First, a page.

Logistics and supply chain sector has long been seen as male-dominated industry. Physical labours such as forklifting, shipping, delivery, packing, etc. sure require extra energy that women might not possess. Owing to this reason, diversity management will continue to be a marginal strategic issue in transportation and logistics. The industry will fall short of taking full advantage of the significant benefits that gender and cultural diversity can offer.
According to James Pickford in his book Mastering Management 2.0, within the last decade, the workforce of many companies has undergone a fundamental transformation. The new reality is a highly diverse workforce composed of employees from many countries and cultures. Diversity is not limited to cultural background. Men and women of all ages and social situations are now working together – but it’s not always easy. The sheer number of dimensions along which employees differ along with the need to achieve both consistency and diversity could pose real challenges for many companies. That’s why, managing diversity has gotten so much attention in recent years.
Human resource professionals are directly responsible for some elements of managing diversity. Many have found that rather than being a disadvantage, it can actually be an important organisational strength. Indeed, there’s actually a strong business case for diversity and it has helped companies access a new labour pool and enhances a company’s reputation and image. In many cases, interactions between diverse employees can also spark creativity and improve innovation efforts.
While some companies already employ staff from different cultural backgrounds and diverse age groups, compared to other sectors, transportation and logistics remains largely male-dominated. The McKinsey survey suggests that the number of women participating in the industry is at 56 percent globally, with less than 20 percent is in C-suite roles. However, there are good signs that numbers could go up substantially in the future as more women are studying logistics too.
Some experts agree that female thinking will enrich and enlarge the set of managerial options and female leaders might inspire other female employees. A high percentage of women have also held highly qualified and related academic positions which could be another differentiator in a male-dominated role.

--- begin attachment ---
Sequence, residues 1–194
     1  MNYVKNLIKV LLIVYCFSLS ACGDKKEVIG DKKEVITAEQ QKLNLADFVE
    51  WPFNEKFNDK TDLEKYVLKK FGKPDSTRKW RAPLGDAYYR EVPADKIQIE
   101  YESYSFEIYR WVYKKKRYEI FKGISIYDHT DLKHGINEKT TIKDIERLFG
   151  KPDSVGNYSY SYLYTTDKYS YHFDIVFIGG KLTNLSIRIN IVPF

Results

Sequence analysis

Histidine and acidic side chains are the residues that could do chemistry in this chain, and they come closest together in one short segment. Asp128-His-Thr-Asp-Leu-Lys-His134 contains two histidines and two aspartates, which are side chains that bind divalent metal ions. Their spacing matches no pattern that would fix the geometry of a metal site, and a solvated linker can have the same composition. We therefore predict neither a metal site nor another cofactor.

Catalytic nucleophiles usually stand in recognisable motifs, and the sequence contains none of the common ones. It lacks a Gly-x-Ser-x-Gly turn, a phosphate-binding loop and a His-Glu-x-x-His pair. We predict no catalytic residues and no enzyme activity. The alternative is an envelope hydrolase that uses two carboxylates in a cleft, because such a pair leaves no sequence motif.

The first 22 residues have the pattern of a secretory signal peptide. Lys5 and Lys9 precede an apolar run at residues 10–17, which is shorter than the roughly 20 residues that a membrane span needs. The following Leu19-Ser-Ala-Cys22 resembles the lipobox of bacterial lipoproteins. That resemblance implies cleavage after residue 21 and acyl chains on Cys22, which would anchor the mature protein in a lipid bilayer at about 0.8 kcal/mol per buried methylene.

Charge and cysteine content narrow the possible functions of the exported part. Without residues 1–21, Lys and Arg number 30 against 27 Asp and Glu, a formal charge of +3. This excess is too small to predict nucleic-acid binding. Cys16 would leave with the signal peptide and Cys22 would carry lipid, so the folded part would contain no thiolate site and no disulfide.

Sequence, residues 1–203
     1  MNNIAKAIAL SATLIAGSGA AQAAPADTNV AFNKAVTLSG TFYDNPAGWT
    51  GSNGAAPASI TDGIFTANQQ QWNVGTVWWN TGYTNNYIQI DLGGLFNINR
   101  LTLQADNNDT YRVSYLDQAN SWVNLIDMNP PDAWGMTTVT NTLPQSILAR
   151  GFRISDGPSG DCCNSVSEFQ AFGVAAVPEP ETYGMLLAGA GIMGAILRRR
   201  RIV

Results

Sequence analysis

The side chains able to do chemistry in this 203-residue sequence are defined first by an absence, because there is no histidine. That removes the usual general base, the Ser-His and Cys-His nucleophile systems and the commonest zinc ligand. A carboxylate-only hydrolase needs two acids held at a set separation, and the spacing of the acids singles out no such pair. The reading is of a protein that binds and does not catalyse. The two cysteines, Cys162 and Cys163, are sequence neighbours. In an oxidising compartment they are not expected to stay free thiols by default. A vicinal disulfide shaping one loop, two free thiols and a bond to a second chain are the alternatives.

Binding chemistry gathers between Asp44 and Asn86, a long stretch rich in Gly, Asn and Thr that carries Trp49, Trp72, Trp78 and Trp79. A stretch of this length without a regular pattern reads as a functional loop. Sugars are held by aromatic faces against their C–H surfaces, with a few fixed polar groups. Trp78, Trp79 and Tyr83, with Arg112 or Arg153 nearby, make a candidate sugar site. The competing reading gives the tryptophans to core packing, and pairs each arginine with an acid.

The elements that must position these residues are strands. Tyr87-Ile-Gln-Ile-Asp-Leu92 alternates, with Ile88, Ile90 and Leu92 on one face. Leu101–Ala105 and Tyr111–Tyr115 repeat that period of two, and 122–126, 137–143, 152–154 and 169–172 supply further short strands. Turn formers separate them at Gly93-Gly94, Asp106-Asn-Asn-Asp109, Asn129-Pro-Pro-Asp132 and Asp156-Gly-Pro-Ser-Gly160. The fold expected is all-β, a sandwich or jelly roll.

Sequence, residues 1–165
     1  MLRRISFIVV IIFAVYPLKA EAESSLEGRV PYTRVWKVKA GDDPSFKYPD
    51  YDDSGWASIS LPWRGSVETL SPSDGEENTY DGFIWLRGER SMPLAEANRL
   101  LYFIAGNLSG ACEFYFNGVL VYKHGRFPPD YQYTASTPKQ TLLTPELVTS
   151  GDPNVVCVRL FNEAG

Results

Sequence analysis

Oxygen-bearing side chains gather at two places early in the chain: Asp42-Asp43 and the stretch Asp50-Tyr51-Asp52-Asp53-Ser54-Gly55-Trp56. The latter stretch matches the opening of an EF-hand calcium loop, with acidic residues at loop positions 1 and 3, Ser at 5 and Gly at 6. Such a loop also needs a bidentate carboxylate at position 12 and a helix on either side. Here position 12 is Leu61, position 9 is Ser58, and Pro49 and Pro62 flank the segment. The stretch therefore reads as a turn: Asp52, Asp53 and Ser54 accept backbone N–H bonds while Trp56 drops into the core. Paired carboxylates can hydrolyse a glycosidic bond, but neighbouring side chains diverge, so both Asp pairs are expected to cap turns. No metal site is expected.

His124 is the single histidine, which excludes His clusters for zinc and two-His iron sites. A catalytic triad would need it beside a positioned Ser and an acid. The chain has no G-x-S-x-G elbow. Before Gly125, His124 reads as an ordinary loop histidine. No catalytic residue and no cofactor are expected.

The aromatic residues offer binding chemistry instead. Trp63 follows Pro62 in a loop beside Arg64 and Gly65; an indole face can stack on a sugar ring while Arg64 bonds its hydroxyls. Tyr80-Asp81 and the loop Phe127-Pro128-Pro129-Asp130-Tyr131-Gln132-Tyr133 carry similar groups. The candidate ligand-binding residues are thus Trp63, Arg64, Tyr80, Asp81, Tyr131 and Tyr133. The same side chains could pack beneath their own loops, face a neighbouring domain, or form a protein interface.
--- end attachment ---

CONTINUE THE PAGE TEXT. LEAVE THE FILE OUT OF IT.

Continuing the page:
Certainly, there are some jobs where labour shortages are most pressing – like truck drivers and seafarers – which make it heavily male-dominated. Such that there are real issues in recruiting women to these positions. Long-distance truck driving often means sleeping alone in the cab at un-policed rest stops at night, while women looking to join a ship’s crew are confronted with an extremely masculine environment. Indeed, women seafarers might even face sexual harassment or the assumption that they are incompetent. Companies that develop ways to address these concerns, for example, by training female drivers on rest-stop safety or improving conditions for women on-board ship, might be able to tap into an important new talent pool.
In short, simply getting more women in the team isn’t enough. Companies need to make sure that they can survive and advance through the ranks too. That might mean taking a hard look at work-life balance issues, since more women are juggling work and family commitments.
Better results. Research demonstrates that improving the proportion of women leads to higher financial returns to logistics companies. That’s why transportation and logistics companies need to take a serious look at how they are implementing gender diversity initiatives. Professional development and mentoring programmes can help women get their share of promotions to management. Participation in industry wide networking forums could also help. The commitment should go right to the top levels of the C-suite. More senior women serve as important role models for more junior staff, and can help in recruiting more talented women too. And again, they can help the bottom line.
Transportation and logistics companies should encourage cultural diversity and promote women at all levels of the company. Making sure to appoint women to top jobs in the C-suite can have a significant impact, by setting the right tone and providing important role models for women throughout the organisation.